[printer friendly version]


"Pushing the Resolution in Near-Field Raman Scattering"

Dr. Volker Deckert
Leibniz Institute of Photonic Technology & Institute for Physical Chemistry and Abbe Center of Photonics, University of Jena, Germany


Near-field optical microscopy progressed quite a bit since the first "Gedankenexperiment" by Synge1 to the first experimental realization by Pohl2 and Lewis3. Although it took almost a decade for the first near-field Raman experiments4,5 and even longer for the first near-field SERS experiments6, since then the pace increased considerably mainly due to the independent simultaneous development of tip-enhanced Raman scattering by several groups7,8,9. The technique was picked up quickly as an unique technique to investigate the structural composition of surfaces with nanometer precision. Beyond the surface analytical aspects also fundamental aspects regarding resolution became the focus since several experiments demonstrated unprecedented and also unexpected resolution capabilities of TERS10,11. Consequently also theoretical investigations on a quantum physics, but also on a classical, level pointed towards extreme spatial resolutions.12-14 The high resolution aspects of near-field Raman spectroscopy will be the topic of this presentation and recent theoretical and experimental results, of our research will be presented. The broad range of applications on applied surface science has been nicely covered major reviews covering TERS just last year15-19, hence, only selected examples that highlight the high resolution aspects under ambient conditions will be presented here.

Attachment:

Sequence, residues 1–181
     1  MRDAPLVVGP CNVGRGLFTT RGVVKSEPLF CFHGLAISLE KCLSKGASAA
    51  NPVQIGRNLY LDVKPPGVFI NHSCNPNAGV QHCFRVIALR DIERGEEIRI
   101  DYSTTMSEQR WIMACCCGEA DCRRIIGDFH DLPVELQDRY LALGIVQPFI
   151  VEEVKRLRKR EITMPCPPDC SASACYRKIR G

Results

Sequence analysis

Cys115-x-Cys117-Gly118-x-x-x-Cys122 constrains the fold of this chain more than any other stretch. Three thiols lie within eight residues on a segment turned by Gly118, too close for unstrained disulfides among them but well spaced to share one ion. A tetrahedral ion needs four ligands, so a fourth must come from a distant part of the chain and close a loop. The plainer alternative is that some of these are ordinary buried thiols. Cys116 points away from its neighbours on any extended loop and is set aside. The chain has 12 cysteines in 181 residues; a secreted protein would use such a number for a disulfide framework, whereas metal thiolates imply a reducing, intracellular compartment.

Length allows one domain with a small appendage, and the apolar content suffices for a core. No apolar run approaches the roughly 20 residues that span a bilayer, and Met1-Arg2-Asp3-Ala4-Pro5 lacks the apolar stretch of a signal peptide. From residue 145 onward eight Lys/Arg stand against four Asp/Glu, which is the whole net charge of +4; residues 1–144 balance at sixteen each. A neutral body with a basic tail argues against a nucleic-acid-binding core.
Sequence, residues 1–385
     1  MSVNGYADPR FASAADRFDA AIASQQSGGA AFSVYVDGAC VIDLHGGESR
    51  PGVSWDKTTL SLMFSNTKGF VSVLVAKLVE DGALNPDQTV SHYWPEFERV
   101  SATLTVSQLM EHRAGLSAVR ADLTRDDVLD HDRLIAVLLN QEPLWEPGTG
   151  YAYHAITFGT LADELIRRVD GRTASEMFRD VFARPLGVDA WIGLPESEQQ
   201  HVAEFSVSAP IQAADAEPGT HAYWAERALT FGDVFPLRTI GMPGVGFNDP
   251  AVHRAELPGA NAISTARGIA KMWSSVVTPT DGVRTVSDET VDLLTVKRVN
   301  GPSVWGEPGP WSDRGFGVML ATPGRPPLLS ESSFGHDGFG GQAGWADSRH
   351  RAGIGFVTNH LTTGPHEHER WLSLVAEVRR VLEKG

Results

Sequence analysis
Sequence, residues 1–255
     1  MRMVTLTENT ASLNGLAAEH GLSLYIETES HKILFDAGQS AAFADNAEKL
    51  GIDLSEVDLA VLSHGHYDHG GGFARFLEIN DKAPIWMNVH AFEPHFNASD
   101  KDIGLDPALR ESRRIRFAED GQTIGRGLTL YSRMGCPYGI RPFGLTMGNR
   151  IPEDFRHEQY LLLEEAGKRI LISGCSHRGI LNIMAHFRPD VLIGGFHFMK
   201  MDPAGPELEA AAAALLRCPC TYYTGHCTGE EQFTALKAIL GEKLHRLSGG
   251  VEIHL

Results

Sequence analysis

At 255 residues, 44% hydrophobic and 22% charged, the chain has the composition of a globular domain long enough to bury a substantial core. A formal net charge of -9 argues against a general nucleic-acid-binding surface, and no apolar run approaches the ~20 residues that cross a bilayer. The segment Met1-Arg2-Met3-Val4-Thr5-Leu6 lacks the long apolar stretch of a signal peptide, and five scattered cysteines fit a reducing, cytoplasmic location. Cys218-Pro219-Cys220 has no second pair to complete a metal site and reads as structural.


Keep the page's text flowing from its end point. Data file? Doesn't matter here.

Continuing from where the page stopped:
[1] Synge, E. H. XXXVIII., Philosophical Magazine and Journal of Science 1928; 6, 356. [2] Pohl, D. W., et al., Appl Phys Lett 1984; 44, 651. [3] Lewis, A., et al. Ultramicroscopy , 1984; 13, 227. [4] Smith, D. A. et al., Ultramicroscopy 1995; 61, 247. [5] Jahncke, C. L., et al. Phys Lett 1995; 67, 2483. [6] Zeisel, D., et al., Anal Chem 1997; 69, 749. [7] Stockle, R., et al., Chem Phys Lett. 2000; 318, 131. [8] Anderson, M., et al., Appl Phys Lett 2000; 76, 3130. [9] Hayazawa, N., et al., Opt Commun 2000;183, 333. [10] Zhang, R. et al., Nature 2013; 498, 82. [11] Deckert-Gaudig, et al, J. Biophoton. 2012; 5, 215. [12] Barbry, M. et al. , Nano Lett 2015; 15, 3410. [13] Latorre, F. et al., Nanoscale 2016; 8, 10229. [14] Trautmann, S. et al., Nanoscale 2017; 9, 391. [15] Deckert-Gaudig, T. et al., Chem. Soc. Rev. 2017; 46: 4077. [16] Richard-Lacroix, M. et al., Chem. Soc. Rev. 2017; 46: 3922. [17] Wang, X. et al., Chem. Soc. Rev. 2017; 47: 9212. [18] Zrimsek, A. B. et al., Chem Rev 2017; 117: 7583. [19] Verma, P. T Chem Rev 2017; 117: 6447.

October 16, 2018
IQSE 578, 12:00 Noon
Mitchell Physics Building

Institute for Quantum Science and Engineering
Texas A&M University

Pizza lunch will be served 15 minutes prior start time